I knew I wanted a warmer, reddish skin tone for Aglaé to contrast with the green environment, so I began by doing a very rough sketch of that using the same wet-in-wet blending that I used for the base. This gave me a good starting point, and wouldn’t be too frustrating to paint over if my color choices didn’t end up looking right. I ended up liking the result though, so I continued to place a few highlights and shadows, again and again until the skin was smooth and felt like she had the sun shining down on her.

From there I moved on to the dress. Not wanting it to blend in, I chose a nice sky blue and tried to keep it a little more desaturated. Once the dress was blocked in to frame the skin, I also went back to work on the skin some more. You can see that some areas are starting to come together, while others like the hands and face still need more attention. I kept coming back to the skin in between other parts because I didn’t want to have a mistake on something like the instrument ruin her hands.

Speaking of, the instrument was the next thing I painted up, since I knew exactly what I wanted to do for it. I tried to get a natural woodgrain texture, then glazed over it to bring in some richer brown tones. While I had an orange-brown on my palette I also went ahead and basecoated her hair with that color, hoping that it would look alright with her skin tone. I think it does, and the orange contrasts so nicely with the blue dress that I decided to stick with it. Plus, if I painted the leaf in her hair green that would stand out just enough against the hair!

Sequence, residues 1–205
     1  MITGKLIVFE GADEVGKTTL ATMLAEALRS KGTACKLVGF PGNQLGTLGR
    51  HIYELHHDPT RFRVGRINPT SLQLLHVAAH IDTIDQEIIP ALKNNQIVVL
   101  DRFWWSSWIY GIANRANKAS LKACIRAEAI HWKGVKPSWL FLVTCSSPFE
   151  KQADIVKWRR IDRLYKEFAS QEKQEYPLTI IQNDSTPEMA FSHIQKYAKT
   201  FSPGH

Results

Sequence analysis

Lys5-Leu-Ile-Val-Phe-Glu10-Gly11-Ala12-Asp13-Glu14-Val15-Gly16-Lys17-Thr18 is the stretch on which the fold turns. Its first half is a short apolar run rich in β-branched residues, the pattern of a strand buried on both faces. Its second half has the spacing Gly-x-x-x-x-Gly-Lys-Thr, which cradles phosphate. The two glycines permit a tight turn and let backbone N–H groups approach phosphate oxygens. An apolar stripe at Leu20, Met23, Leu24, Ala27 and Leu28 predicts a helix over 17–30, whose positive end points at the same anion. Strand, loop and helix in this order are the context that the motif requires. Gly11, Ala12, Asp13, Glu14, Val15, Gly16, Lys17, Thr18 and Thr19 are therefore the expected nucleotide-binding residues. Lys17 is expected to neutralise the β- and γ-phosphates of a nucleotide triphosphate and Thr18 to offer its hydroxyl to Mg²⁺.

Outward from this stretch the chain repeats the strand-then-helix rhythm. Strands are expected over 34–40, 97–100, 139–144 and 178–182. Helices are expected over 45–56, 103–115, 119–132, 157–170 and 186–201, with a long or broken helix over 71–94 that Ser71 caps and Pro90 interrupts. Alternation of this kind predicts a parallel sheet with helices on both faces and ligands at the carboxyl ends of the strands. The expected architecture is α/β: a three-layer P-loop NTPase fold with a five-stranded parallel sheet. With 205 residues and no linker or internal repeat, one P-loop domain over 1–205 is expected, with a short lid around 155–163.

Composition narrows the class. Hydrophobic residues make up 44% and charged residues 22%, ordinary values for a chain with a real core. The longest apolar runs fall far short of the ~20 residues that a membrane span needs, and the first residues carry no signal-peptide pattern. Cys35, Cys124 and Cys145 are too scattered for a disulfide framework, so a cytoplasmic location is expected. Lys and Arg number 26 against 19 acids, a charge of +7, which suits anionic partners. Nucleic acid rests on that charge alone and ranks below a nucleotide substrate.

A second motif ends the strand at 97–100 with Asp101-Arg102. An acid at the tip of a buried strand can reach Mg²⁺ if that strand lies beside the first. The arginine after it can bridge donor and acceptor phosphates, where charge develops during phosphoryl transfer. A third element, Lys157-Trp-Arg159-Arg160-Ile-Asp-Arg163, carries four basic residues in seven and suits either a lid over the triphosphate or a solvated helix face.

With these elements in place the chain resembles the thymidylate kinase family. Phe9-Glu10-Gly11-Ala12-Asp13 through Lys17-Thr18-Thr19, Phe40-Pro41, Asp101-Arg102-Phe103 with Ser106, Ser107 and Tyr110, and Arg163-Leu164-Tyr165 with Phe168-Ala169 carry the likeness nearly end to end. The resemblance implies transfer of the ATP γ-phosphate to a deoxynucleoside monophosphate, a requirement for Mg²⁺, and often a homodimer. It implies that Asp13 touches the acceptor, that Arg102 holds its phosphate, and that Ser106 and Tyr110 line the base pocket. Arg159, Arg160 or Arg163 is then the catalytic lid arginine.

At this point everything was flowing smoothly and going so fast that I almost forgot to take any pictures. I used a neutral brown/black for her hooves, shaded her hair, worked on her skin some more, then started covering the base in plant life. I used tiny natural leaves and lots of fine green flock that I mixed with varnish to be able to glue it down. The little flowers are very nice, but because they are so bright I only used a small amount. After the varnish was dry I used washes to darken the moss and some leaves, before lightly painting on some highlights in various shades of green. Whenever I was waiting for something to dry I just worked on her hair some more, and other little things here and there.

I did a couple more checks to see what she looked like in the ambient room lighting, rather than under my bright daylight bulb. She’ll rarely be looked at under the harsh brightness of an intense daylight bulb, so if I like what I see in more normal lighting that’s good enough for me.

She’s attracted an audience!

That last inspection made me decide to work more on the leaf in her hair. Since it is so small and not super visible from the front I decided it wouldn’t hurt to make it extra vibrant and use more extreme highlights. With Aglaé finished the last things to paint were all the little forest creatures that came to listen to her music! These tiny animals are so much fun for me, and I hid them all over the place. I tried to paint them in a way that they are almost camouflaged, see if you can find all 6…

I added some tiny little mushrooms at the very end

All in all, I love how this little scene turned out. She’s a little bit of peace and joy in a cabinet full of violent warrior minis, painted during this difficult time as the world struggles with fear and isolation.